Is ASEAN Ceding Its Role In Southeast Asia To NATO And The EU?

The leading NATO allies of the United States – Germany, France, Italy, Canada, and the United Kingdom are enhancing actions to strengthen their military, political and economic positions in the Asia-Pacific region, where ASEAN is widely considered to be the central pillar of the security architecture.

Western countries have been active in key ASEAN negotiating formats, such as the ASEAN Defense Ministers’ Meeting and Dialogue Partners (ADMM-Plus), the ASEAN Regional Forum (ARF), and the East Asia Summit (EAS), seeking to enhance their ability to influence the Association’s security decision-making.

Paris is trying to secure its place in the ASEAN Forum on Maritime Security by spearheading the promotion of EU-wide attitudes on the issue. An integral part of this work of the French is the involvement of ASEAN, led by the Indonesian presidency of the Association, in its military training activities in the Indian Ocean (Exercise Croix du Sud).

Exercise Croix du Sud
French amphibious assault ship Dixmude (L9015) and ships from partner nations participate in the Croix du Sud 2023 exercise

The UK and the EU are pushing for full membership in the ARF, ADMM-Plus, and EAC formats. Ottawa is pushing to upgrade the Canada-ASEAN partnership to a strategic level, with a hope of becoming a permanent member of the EAC. At the same time, according to some reports, the Canadians are working on options for creating another pro-Anglo-Saxon formation in the Asia-Pacific region comprised of the United States, Canada, Japan and South Korea.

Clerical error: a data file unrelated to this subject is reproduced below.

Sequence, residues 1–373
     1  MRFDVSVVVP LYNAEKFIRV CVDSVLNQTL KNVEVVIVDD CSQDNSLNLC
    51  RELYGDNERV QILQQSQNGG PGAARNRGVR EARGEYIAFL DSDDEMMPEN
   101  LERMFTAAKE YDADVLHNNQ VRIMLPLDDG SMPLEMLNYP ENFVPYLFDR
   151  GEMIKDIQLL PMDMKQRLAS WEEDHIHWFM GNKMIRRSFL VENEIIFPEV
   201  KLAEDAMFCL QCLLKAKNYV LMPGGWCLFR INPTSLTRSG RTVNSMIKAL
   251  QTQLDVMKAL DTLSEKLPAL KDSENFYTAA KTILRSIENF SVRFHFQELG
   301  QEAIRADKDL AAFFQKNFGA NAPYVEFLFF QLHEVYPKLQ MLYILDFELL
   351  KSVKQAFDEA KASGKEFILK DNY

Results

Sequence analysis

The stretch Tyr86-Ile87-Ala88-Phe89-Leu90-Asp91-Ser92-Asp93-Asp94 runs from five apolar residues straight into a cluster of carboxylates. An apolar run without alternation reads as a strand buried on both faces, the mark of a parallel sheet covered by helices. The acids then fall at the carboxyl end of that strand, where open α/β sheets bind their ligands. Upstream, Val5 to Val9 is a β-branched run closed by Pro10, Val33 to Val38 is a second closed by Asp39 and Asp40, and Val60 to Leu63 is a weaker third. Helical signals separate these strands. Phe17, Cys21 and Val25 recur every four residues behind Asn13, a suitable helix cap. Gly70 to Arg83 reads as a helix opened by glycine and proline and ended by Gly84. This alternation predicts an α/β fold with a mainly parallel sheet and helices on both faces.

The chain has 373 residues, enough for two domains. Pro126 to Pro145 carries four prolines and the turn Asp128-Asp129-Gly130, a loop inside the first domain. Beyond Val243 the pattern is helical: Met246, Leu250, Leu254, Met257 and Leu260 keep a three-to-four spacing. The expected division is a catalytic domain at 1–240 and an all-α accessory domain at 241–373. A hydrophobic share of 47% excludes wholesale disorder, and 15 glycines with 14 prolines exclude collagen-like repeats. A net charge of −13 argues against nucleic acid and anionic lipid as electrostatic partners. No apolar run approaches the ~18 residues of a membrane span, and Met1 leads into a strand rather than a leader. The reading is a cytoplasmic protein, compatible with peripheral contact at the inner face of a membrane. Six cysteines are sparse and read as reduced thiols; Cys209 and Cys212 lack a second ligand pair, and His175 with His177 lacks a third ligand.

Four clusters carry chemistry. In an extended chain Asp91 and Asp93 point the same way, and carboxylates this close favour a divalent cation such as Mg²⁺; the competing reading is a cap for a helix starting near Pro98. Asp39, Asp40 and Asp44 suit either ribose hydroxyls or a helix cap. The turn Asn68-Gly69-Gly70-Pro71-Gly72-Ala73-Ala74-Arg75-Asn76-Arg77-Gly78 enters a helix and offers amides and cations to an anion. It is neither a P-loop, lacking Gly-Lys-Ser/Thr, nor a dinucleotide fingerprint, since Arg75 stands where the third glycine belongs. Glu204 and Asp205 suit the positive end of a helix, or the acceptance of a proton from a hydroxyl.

Some of the European powers, such as Italy, are using the establishment of military and technical cooperation with the closest U.S. allies, Japan and Great Britain (which, remember, are members of AUKUS), to enter the region. Thus, on April 17 this year the foreign ministers of Japan and Italy – Yoshimasa Hayashi and Antonio Tajani discussed bilateral relations on the margins of the ministerial meeting of G-7 in the Japanese resort of Karuizawa. Attention was focused on security cooperation, including a project to create a next-generation fighter jet by 2035 (Global Combat Air Program) in accordance with intergovernmental agreements between Japan, Great Britain and Italy. The first-ever call to a Japanese port by an Italian Navy frigate was also announced there.

Notable in this context is the list of guests invited to Tokyo for the upcoming G-7 summit in May: in particular, India (a member of QUAD), Australia (a member of QUAD, as well as AUKUS), the Republic of Korea (U.S. ally and active supporter of developing relations with the above-mentioned formats).

Leading ASEAN states, such as Indonesia, Malaysia, Thailand, Singapore and Vietnam, are obviously interested in expanding the circle of countries willing to establish political, economic and military-technical cooperation with them. It flatters their ego, raises their international profile, and gives them hope of reducing their dependence on China. At the same time, in their enthusiasm for public short-term dividends, these states can miss the moment when yesterday’s partners, very sophisticated and hardened in the geopolitical intrigues of the 20th and 21st centuries, will seize the initiative, replace ASEAN with their own formats and ultimately subordinate the Southeast Asian countries to their interests, as it already happened during colonialism.

Reposts are welcomed with the reference to ORIENTAL REVIEW.
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